The Coast Guard plans to unveil a new cyber security strategy within the next month that focuses on protecting not only Coast Guard networks and systems from cyber attacks, but also the country's 3,600 sea ports and facilities, and the ships they serve.

Coast Guard Commandant Adm. Paul Zukunft said in an interview the strategy will outline authorities and requirements for the shipping firms and port facilities the Coast Guard is charged with protecting under the Maritime Transportation Security Act of 2002.

Zukunft said many major U.S. ports are nearly fully automated. "So they are vulnerable to a cyber attack, depending on what safeguards they've put in place. There's no requirement for them to do so and there's no universal standards," he said.

"One challenge that remains is complacency, that 'no one would want to penetrate my system.' And so that's where having authorities and requirements would be in our nation's best interest," he said.

Under the strategy, which is undergoing review now by numerous stakeholders, the Coast Guard would work closely with the Homeland Security Department and the U.S. Cyber Command to determine whether maritime-related cyber events constitute an attack and, if so, by whom.

"If a [container terminal] facility operator says, 'For whatever reason, the gantry's not working today' – about 95 percent of it is automated – you know, it can't find that container. And then another facility operator says, 'I've got the same thing going on.' Well, we can push that up to a national level, and perhaps we push it over to [U.S. Cyber Command] and say, 'Is this privately or is this state-sponsored activity that we're seeing taking place?'" Zukunft said.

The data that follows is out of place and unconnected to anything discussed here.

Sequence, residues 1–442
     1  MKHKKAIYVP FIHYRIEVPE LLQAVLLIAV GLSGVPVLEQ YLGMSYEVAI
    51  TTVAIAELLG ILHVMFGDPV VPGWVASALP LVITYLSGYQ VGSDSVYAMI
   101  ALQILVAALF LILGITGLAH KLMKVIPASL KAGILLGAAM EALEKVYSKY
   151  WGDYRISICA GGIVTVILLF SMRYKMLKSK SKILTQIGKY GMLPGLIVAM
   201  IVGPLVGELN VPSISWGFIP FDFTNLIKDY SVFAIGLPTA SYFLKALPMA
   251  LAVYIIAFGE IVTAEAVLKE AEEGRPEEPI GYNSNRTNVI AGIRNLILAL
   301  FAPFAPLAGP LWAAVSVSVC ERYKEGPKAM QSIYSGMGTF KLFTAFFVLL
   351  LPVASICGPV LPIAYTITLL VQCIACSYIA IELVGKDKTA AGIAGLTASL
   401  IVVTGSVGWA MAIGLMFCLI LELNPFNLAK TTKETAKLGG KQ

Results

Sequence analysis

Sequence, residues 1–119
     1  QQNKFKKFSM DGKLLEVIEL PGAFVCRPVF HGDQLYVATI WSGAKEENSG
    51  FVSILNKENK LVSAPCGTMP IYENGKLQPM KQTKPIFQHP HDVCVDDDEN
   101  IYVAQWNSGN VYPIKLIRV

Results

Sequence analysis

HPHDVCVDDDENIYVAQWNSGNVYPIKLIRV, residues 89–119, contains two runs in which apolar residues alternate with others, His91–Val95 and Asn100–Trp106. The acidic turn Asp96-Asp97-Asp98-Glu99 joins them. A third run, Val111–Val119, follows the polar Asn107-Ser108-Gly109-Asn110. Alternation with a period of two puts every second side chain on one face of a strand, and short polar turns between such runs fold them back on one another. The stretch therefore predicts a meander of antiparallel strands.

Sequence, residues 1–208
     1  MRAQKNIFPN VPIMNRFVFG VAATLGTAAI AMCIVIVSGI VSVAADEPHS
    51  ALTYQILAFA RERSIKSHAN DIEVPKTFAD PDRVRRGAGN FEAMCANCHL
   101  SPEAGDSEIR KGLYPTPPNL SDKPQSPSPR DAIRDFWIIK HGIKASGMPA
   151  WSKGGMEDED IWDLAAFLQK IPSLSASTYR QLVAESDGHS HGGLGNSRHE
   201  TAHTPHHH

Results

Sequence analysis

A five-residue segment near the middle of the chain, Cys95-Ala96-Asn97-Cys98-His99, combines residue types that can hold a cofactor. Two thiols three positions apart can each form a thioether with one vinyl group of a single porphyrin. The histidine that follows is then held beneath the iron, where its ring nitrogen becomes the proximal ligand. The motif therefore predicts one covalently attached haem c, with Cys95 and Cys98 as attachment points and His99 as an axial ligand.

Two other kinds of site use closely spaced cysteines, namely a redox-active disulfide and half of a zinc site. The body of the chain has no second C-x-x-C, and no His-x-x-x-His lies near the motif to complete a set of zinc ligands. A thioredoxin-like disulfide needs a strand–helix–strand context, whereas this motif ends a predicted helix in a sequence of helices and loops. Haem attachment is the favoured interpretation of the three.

Admiral Paul Zukunft, the 25th Commandant of the U.S. Coast Guard, speaks with the editorial board of the Military Times at the Military Times offices, Wednesday, March 11, 2015. Photo by Rob Curtis, Staff
Admiral Paul Zukunft, the 25th Commandant of the U.S. Coast Guard, speaks with the editorial board of the Military Times at the Military Times offices, Wednesday, March 11, 2015. Photo by Rob Curtis, Staff

Another point of vulnerability is the maritime industry. The engines on modern maritime ships are often monitored and controlled remotely from shore-based facilities thousands of miles away to ensure engine efficiency. This makes them possible cyber targets, he said.

"The challenge right now is you've got some shipping companies that are fully invested in cyber and others perhaps a little bit complacent," he said, adding that 90 percent of U.S. commerce moves by sea.

Other areas of focus for the Coast Guard's relatively small cyber command under the new strategy will be protecting Coast Guard cyber assets, building situational awareness to cyber events, building resiliency to attacks within its operations, and outlining responses to cyber attacks, Zukunft said.

"It's a whole new domain and rules of engagement. When you think cyber, it's electronic warfare, but it's not against competing militaries," he added. "So that's the role of the Coast Guard because we operate in the dot-gov, dot-com and dot-mil domains when it comes to protecting infrastructure."